wed 19/06/2024

Fortunio, Grange Park Opera | reviews, news & interviews

Fortunio, Grange Park Opera

Fortunio, Grange Park Opera

Messager crosses the boundaries between operetta and opera, Offenbach and Wagner

Tristan Stocks (Landry) and Alex Vearey Roberts (Fortunio) in 'Fortunio'Robert Workman

André Messager is one of those fringe composers whose music you feel you know something about until you try to think of a specific piece. His ballet Les deux pigeons is still sometimes revived. But to students of French music, he’s actually best known as the conductor who brought Debussy’s Pelléas to the stage and conducted its first performance.

Of his own operas and operettas, Fortunio seems to have been the most successful in its day (1907); but I confess I’d heard never a note of it until this new production at Grange Park by Daniel Slater.

It’s a work which reminds us that French operetta and opéra comique often cross the boundaries supposedly defined by those titles. It starts off apparently as an operetta. A lawyer’s clerk, Landry (Tristan Stocks) tunefully extols the youthful charms of his elderly boss’s wife, Jacqueline, then introduces her to a green youth (Fortunio) recently up from the country; though generally regarded as pure and untouchable, she is quickly seduced by a ludicrous captain of dragoons called Clavaroche (Quirijn de Lang), who is next seen tumbling out of her wardrobe where he’s been hiding from her jealous husband (Timothy Dawkins). (Pictured: Quirijn De Lang as Clavaroche and Ilona Domnich as Jacqueline).

So far so Offenbach. But matters now take a more serious turn. Clavaroche has singled Fortunio out as what the French call a chandelier, that is a decoy to distract the husband from the real threat. But alas, Fortunio falls instantly and passionately in love with Jacqueline, and, worse still, she falls for him, drawn in, like Verdi’s Violetta, by the sheer intensity of his emotion. The final scene, with dragoons patrolling the garden and Fortunio barely concealed behind Jacqueline’s bedroom door, has the makings of a genuinely tragic dénouement. But Messager baulks at this, and instead lowers the curtain with the two lovers in each others’ arms and the situation unresolved.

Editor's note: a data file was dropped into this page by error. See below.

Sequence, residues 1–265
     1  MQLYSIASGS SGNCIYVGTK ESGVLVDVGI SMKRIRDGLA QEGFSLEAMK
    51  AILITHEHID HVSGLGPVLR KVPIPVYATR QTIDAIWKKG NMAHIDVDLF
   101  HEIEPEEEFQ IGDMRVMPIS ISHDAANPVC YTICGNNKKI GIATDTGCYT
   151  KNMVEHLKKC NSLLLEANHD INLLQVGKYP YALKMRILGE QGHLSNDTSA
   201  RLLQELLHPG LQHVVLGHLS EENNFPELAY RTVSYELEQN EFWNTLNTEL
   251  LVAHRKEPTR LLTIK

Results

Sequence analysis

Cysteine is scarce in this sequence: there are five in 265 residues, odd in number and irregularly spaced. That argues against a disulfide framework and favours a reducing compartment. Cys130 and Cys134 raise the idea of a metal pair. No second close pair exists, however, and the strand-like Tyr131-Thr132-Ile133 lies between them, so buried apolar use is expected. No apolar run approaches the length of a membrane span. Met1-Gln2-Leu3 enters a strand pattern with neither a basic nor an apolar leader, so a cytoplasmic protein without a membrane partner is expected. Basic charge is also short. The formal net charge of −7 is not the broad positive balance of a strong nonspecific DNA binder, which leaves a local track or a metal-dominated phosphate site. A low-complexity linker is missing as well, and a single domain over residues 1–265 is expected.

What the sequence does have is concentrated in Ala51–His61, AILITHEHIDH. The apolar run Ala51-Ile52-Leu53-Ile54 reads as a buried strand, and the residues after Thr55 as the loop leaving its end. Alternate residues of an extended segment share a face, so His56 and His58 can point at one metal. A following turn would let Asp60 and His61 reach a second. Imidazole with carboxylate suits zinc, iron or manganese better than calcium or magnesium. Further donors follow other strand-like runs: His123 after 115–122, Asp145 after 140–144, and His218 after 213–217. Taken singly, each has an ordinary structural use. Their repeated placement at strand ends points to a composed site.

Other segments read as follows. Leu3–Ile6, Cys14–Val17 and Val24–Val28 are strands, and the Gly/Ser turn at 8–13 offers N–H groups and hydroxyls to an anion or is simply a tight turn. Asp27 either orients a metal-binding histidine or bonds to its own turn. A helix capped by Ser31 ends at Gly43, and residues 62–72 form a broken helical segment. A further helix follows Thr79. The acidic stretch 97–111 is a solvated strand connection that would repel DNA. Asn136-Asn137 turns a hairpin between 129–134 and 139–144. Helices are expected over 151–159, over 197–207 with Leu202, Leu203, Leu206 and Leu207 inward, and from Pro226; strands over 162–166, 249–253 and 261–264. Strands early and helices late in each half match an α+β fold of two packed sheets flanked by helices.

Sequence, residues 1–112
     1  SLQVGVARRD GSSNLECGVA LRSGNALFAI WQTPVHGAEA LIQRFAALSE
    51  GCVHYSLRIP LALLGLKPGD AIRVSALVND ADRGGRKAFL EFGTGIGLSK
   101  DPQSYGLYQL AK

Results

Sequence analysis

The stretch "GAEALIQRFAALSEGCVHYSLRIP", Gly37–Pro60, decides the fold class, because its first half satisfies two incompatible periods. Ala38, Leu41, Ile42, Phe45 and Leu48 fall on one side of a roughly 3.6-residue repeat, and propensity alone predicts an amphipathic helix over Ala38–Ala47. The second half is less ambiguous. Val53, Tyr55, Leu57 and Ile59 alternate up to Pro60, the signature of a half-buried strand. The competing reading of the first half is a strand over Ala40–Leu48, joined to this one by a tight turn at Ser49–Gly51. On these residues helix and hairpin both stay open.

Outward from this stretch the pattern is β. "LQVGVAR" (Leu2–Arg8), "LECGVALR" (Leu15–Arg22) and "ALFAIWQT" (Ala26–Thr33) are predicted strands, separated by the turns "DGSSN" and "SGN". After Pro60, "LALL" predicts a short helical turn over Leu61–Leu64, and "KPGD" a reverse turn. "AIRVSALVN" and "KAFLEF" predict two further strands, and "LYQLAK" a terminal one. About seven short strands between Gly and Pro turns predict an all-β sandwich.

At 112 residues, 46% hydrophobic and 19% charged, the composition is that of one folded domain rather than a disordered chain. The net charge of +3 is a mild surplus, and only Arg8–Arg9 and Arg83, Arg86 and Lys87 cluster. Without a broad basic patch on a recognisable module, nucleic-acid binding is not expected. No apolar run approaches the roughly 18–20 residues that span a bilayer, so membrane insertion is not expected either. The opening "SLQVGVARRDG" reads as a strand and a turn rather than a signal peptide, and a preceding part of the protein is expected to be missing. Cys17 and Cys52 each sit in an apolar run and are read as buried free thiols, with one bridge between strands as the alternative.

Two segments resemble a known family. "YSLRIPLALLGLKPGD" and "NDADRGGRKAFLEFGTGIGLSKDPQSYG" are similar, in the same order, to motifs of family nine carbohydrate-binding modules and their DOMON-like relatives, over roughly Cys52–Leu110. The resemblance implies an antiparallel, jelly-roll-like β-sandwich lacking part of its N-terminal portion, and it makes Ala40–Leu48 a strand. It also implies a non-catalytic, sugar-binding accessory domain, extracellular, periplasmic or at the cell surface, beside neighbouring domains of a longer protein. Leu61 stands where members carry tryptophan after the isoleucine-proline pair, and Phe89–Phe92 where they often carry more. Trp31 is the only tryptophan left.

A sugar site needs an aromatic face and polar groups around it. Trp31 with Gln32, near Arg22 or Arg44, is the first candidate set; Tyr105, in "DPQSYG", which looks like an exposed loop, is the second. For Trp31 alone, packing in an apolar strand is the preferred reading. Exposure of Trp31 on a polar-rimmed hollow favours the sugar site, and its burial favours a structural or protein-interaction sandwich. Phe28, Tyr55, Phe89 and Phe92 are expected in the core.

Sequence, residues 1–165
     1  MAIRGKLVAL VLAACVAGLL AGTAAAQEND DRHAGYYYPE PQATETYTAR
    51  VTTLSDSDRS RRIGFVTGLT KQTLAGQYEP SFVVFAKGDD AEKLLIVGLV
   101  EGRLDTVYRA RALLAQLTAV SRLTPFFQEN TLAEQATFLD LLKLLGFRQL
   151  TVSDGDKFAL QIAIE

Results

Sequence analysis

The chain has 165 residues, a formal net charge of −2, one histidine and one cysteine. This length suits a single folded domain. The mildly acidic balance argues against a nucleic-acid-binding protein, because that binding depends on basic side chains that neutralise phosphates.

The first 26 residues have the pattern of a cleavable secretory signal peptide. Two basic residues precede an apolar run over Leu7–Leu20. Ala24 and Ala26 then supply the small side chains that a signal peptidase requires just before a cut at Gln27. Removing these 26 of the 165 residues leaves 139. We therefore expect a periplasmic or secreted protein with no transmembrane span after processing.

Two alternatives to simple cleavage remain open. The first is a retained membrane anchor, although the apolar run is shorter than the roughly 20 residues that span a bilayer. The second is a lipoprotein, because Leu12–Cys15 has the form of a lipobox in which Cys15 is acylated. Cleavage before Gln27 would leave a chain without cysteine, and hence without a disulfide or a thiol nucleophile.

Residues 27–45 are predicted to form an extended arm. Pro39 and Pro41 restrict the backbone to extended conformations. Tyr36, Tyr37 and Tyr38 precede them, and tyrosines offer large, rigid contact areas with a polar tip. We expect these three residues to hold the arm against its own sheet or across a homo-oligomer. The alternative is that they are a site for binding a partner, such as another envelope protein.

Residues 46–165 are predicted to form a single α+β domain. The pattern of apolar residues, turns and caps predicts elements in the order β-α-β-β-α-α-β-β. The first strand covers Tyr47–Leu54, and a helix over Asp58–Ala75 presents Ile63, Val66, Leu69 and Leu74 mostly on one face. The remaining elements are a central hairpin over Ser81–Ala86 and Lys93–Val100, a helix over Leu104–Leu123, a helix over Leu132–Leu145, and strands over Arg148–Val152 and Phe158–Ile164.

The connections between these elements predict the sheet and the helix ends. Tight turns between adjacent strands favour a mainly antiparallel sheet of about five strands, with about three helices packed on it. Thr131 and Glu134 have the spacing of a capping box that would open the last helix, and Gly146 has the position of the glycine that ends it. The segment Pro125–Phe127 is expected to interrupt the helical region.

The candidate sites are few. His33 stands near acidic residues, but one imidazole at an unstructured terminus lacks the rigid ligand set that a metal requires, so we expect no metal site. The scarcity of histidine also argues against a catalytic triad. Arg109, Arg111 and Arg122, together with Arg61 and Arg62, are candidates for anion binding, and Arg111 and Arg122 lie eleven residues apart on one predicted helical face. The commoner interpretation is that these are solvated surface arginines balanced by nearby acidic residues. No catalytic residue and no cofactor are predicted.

Like the plot, Messager’s music swings disconcertingly between the frothy and the tortured, between (say) Offenbach and Wagner, a composer he admired and often conducted. There are lovely things in the simple, lyrical style of opérette, more elaborate echoes of Chabrier and Massenet, and a few rather heavy Wagnerisms, half-digested, as usual in fin de siècle French music. Fortunio’s declaration of love surprises the audience as much as Jacqueline by its Tristanesque fervour, but is preceded by a lovely fugal prelude that only Fauré could have inspired. To call the work a hotchpotch would do it an injustice; it hangs together, but only just.

Slater’s staging respects the spirit of Messager’s time: the France of Feydeau and Maupassant, but also of Dreyfus and Zola. Above all he uses the open stage well to help the music move, not cluttering it up with modish apparatus, as in his Garsington Don Giovanni last year and Seraglio this. It’s a very watchable, stylish production. The singing, though, is variable. I like Ilona Domnich’s Jacqueline – a nice blend of the respectable and the sensual; and Alex Vearey Roberts catches Fortunio’s callow directness of feeling while sometimes straining for his notes. With the other singers, all opera specialists, one is often conscious of some attempt to find a particular, not too operatic style to match the vaudeville aspects of the music. They could, one feels, sing this music more richly and beautifully. Perhaps Toby Purser, in the pit, could give them more space, instead of sometimes bullying them into strict tempi that the music, too, resists. The orchestra plays with polish, but now and then ensemble suffers.

To call the work a hotchpotch would do it an injustice; it hangs together, but only just


Editor Rating: 
Average: 3 (1 vote)

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